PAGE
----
Today's post I'm sharing with you the super simple way I've been eating for the last few months...
To my surprise, LOADS of SCIENCE supports eating this way--it'll blow your mind up if you struggle with overeating or feeling "satisfied" after dinner. I can't wait to geek out and share it with you tomorrow :) :)
TODAY I'm nerding out on some fascinating history around American meals and rise of bowls meals in American pop culture (here's a hint: Thanks Instagram).
Background: I’ve been working to recover from an illness and trauma this past year.
Knowing that “food is medicine” in every way, I wanted to eat well, but I also didn’t always have also the physical or psychological endurance to “cook.”
“Bowl meals” became my saving grace.
Yet for all the good these simple meals did for me, I grappled with deep feelings of shame.
I often felt “lazy” or like a big fraud... After all, hadn’t I’d authored six cookbooks? Was beans and rice really the best I could do?
A yoga-teacher friend offered me a new perspective. She said, “You eat like a Buddhist Nun. This is classic Temple Food for enlightenment.”
She also reminded me that I often suggest using the same bowl when someone tells me they struggle with overeating because using the same bowl helps them acclimate to portion sizes and helps them develop a better connection with their bio (metabolic) hunger.
Her comments left me wondering if there was some hidden magic in bowls I didn't know about... Truthfully I was looking for any kind of external validation for my simplistic meals ;)
I did what I usually do: I hit the science and read every research article, journal, or paper I could find until I exhausted the topic.
THE HIDDEN MAGIC OF BOWLS (real science)
New research suggests that eating out of a bowl is more satisfying than eating off a plate AND has a positive impact on the way you eat.
There are a few theories and explanations for this.
My favorite is based on the fact we hold bowls and bring them closer towards us, which fosters feelings of comfort and nourishment--a connection that can’t be made by a fork and plate.
I’m going to dig deep into the science behind the power of bowl meals in tomorrow’s post.
If you struggle with being satisfied or you tend to overeat like me, you definitely don’t want to miss the research I’m sharing with you tomorrow.
For today, I want to share with you a historical tidbit that’s fascinating:
“EEK! MY FOOD IS TOUCHING” (mostly an American invention)
*The actual name for fear of food touching other food is brumotactillophobia.
Growing up, I would freak out if my foods touched. TBH, I still somewhat cringe when I see breadcrumbs on butter...
I thought that was a ‘kid thing’ (or my OCD--which some psychologists say brumotactillophobia is) until I observed children eating in other countries around the world.
Not only do children in other countries eat a wide range of foods that aren't from the American "kids menu" they overlap and are often mixed together.
I am also somewhat of a hypocrite--or a conundrum if I feel charitable: I LOVE sauces and dipping food into things (e.g. hummus, ketchup, Ranch dressing), so it couldn’t be a ‘messy’ thing or OCD thing, not completely anyway.
HERE'S WHAT I LEARNED:
In most other parts of the world, the bowl is the primary vessel of eating and always has been.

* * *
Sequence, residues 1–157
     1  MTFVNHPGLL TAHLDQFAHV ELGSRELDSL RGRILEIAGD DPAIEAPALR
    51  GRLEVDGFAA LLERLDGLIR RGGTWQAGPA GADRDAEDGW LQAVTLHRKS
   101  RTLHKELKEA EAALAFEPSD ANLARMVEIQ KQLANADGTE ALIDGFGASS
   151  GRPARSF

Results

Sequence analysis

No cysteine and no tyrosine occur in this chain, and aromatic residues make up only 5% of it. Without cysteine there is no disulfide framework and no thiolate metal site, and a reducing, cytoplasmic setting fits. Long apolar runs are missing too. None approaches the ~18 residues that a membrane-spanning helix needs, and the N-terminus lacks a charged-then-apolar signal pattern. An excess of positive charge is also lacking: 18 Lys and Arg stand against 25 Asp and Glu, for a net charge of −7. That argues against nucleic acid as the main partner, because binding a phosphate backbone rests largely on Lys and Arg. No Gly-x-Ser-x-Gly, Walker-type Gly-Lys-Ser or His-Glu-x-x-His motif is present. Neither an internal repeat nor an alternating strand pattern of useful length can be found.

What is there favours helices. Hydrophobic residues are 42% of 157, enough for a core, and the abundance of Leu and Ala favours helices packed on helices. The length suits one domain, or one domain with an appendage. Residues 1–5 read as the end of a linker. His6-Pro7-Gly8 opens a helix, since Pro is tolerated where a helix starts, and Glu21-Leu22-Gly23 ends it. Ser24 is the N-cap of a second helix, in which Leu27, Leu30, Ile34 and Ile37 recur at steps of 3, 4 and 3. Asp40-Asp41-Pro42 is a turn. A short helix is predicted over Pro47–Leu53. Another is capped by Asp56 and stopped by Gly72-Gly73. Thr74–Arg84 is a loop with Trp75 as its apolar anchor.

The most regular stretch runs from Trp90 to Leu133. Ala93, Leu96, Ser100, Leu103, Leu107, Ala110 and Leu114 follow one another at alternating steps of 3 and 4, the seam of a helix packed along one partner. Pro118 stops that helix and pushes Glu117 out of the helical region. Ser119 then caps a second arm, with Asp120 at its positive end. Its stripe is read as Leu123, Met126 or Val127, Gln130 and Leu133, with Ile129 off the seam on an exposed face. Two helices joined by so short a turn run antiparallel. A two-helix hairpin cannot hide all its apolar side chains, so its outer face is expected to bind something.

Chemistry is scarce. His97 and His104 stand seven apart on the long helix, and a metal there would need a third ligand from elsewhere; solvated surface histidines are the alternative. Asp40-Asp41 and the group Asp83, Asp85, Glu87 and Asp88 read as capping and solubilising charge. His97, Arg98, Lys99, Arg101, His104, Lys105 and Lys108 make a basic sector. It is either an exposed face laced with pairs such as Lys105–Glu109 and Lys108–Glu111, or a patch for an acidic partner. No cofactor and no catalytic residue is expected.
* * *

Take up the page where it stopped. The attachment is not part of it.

In America, however, bowls are just starting to be “cool.” 🥣
For most of American culinary history, food has been separated. Serving food in courses or having different plates for different foods (i.e. salad plate, bread plate) was a sign of refinement and status. For example, middle-class 20th-century American households had TWO sets of dishes: every day and “the good china” that filled an entire piece of auxiliary furniture.
The “American meal” was also a separation of components. Namely, a slab of protein (meat) with some vegetable sides. (It is this view of a “meal” that makes going vegan difficult for a lot of people because a plant-based diet requires a new way of looking at food).
Eating out of a bowl was very unfashionable and mixing foods or flavors together was considered disgusting or unappealing. (I remember my uncle once mixing together his meatloaf, mashed potatoes, corn, and gravy and everyone else at the table cringing and commenting on how gross that ways).
So Why are bowls in vogue now?
#1 Practicality: All Americans are busier than ever. One-dish wonders are the extent most working parents and young professionals can manage on any given Tuesday.
#2 Health: Many Americans have become health-conscious and that shift in values has changed trends in food.
#3 Millennials: Instagram gave social currency to bowl meals through their dazzling presentations. (They’re so photogenic!) and most people are exploring different cuisines--international foods that are traditionally served in bowls (Poke, for example).
For me, it’s hard to beat a satisfying blend of whole grains, veggies, and plant-based proteins.
Plus they are easy. You don’t need a knife and you could use a fork or a spoon.
Point is: there’s hardly any cleanup and you can eat from a bowl sitting at a table, standing by the counter, noshing on the couch, or on the floor if you're doing a picnic, whatever.
TOMORROW, I’m going to dig deep into the real science behind bowls and how they have a positive impact on your health and satisfaction.
If you struggle with being satisfied or you tend to overeat like me,you definitely don’t want to miss the research I’m sharing with you tomorrow.
For TODAY, I have one quick question for you--How do you feel about your foods touching? Answer the poll on Facebook.